• BRIEF DESCRIPTION OF THE DRAWINGS
  • [0010]
    The above and other objects, features, and advantages of the invention will become more apparent from the following description of certain preferred embodiments thereof, when taken in conjunction with the accompanying drawings in which:
  • [0011]
    [0011]FIG. 1 is a perspective view, generally aft looking forward, of a pressure bulkhead for an aircraft in accordance with one preferred embodiment of the invention;
  • [0012]
    [0012]FIG. 2 is a front elevation of the bulkhead of FIG. 1, looking aft;
  • [0013]
    [0013]FIG. 3 is a fragmentary perspective view of the radial and circumferential stiffeners for the pressure bulkhead of FIG. 1;
  • [0014]
    [0014]FIG. 4 is an axial-radial plane cross-sectional view of the attachment rings and intercostal flanges of the bulkhead of FIG. 1, showing the attachment rings and integral intercostal flanges attached to a fuselage skin;
  • [0015]
    [0015]FIG. 5 is a perspective view, generally forward looking aft, of the bulkhead of FIG. 1, illustrating various cuts made in the bulkhead for a series of pressure-loading tests to simulate likely damage scenarios;
  • [0016]
    [0016]FIG. 6 is a front elevation of a pressurized door in accordance with another embodiment of the invention;
  • [0017]
    [0017]FIG. 7 is a cross-section along line 7-7 of FIG. 6;
  • [0018]
    [0018]FIG. 8 is a front elevation of a non-pressurized door in accordance with a further embodiment of the invention;
  • [0019]
    [0019]FIG. 9 is a cross-section along line 9-9 of FIG. 8; and
  • [0020]
    [0020]FIG. 10 is a perspective view of a door surround structure in accordance with yet another embodiment of the invention.
  • DETAILED DESCRIPTION OF THE DRAWINGS
  • [0021]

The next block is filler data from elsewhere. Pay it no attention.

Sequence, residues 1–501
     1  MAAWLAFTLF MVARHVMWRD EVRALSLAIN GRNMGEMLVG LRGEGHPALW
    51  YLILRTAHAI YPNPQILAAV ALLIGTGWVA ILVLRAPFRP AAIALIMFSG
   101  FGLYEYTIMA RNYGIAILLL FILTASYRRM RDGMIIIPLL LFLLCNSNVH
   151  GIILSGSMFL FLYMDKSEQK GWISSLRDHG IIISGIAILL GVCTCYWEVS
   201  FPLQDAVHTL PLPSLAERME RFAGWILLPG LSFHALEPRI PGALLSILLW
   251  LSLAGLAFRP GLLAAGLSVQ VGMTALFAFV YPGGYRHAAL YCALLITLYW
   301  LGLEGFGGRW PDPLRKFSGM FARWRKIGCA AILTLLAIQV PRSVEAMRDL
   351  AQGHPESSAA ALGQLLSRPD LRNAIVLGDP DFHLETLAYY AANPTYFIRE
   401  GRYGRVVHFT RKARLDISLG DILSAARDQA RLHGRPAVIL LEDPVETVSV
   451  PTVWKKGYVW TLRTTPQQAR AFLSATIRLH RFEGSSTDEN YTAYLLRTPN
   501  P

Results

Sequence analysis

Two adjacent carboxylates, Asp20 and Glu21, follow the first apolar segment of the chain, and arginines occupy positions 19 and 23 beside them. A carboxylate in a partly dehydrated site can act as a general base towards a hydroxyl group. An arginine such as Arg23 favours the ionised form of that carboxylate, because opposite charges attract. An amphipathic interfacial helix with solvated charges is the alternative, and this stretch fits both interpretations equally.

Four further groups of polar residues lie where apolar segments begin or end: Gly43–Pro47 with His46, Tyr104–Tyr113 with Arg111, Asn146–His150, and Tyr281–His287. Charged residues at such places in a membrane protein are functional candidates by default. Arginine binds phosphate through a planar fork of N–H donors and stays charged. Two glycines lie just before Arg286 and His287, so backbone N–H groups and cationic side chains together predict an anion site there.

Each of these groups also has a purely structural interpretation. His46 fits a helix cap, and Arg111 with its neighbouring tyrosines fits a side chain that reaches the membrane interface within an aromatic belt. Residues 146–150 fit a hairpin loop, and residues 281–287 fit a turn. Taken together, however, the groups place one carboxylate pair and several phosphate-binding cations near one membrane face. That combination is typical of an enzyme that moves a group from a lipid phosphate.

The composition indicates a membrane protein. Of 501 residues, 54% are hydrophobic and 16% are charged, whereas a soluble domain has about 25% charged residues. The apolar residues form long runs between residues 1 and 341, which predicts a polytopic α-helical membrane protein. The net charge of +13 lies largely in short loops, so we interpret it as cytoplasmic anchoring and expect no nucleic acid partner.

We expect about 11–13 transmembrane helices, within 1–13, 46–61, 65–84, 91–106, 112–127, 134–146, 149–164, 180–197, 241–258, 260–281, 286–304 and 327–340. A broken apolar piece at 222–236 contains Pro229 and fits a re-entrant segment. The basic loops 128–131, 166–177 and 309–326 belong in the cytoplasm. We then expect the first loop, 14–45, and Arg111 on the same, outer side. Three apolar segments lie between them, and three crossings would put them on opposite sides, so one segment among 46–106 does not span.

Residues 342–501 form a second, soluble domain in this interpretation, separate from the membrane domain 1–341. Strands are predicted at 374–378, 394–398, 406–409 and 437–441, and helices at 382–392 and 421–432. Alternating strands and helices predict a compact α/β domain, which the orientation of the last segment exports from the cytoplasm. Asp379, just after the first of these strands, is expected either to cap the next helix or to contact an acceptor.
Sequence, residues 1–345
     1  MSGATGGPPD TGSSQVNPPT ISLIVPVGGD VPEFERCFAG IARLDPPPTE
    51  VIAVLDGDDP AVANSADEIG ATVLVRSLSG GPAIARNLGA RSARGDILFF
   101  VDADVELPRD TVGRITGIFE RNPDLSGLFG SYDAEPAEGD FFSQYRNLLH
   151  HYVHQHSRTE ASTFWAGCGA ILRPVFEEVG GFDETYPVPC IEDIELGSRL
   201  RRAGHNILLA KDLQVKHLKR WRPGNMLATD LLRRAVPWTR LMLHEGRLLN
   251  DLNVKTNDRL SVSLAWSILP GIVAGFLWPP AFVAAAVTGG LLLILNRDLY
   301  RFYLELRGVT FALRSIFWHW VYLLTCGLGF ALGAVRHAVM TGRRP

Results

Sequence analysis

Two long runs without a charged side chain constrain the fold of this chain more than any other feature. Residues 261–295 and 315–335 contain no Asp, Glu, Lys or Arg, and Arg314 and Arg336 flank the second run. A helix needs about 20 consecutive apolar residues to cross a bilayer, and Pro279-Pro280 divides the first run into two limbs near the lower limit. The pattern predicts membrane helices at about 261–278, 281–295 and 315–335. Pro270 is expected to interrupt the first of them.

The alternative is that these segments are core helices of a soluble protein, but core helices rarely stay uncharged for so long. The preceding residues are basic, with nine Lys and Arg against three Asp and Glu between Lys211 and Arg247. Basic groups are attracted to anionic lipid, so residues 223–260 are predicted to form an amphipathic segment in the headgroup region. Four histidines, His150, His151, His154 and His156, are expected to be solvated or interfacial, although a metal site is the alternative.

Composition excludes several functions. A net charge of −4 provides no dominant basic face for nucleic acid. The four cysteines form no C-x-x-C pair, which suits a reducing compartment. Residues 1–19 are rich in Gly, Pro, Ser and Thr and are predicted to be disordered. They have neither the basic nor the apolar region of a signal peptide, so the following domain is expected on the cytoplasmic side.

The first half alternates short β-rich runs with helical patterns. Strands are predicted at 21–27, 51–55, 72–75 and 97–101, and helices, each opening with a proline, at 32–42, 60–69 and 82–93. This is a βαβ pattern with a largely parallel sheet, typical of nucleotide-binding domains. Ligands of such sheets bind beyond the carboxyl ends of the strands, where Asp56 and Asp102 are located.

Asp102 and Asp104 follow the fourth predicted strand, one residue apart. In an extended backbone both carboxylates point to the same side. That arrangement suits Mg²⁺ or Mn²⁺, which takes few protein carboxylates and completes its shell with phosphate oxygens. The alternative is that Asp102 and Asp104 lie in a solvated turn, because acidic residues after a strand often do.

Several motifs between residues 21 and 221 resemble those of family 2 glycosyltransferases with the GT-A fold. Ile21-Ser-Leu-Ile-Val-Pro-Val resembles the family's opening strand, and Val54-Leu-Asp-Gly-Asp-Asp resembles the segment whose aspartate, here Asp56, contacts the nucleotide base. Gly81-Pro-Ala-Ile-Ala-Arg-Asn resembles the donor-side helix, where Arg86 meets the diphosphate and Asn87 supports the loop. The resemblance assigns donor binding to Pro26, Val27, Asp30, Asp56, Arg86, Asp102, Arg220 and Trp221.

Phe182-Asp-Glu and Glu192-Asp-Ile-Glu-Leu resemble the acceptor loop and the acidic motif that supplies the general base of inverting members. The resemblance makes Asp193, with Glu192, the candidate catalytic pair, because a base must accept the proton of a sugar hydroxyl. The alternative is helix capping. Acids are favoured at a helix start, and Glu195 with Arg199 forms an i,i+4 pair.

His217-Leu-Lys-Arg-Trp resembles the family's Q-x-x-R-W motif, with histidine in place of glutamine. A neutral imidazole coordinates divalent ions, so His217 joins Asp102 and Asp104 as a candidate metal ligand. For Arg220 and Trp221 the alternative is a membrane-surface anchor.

The present invention now will be described more fully hereinafter with reference to the accompanying drawings, in which preferred embodiments of the invention are shown. This invention may, however, be embodied in many different forms and should not be construed as limited to the embodiments set forth herein; rather, these embodiments are provided so that this disclosure will be thorough and complete, and will fully convey the scope of the invention to those skilled in the art. Like numbers refer to like elements throughout.
  • [0022]
    FIGS. 1-5 relate to a first preferred embodiment of the invention in the form of a pressure bulkhead 20 for a pressurized compartment of an aircraft. The bulkhead 20 is configured to be used as a forward pressure bulkhead adjacent an unpressurized nose radome of an aircraft. The bulkhead 20 comprises an aft web 22 designed to withstand pressure loading when the aircraft compartment is pressurized relative to ambient air pressure outside the aircraft, and a redundant forward web 24 axially spaced from the aft web 22. An aft attachment ring 26 is fabricated on the outer periphery of the aft web 22, the aft ring 26 being adapted to be affixed to the skin 28 of the aircraft fuselage (FIG. 4), such as by fasteners (not shown). A forward attachment ring 30 is fabricated on the outer periphery of the forward web 24 and is likewise adapted to be affixed to the fuselage skin 28.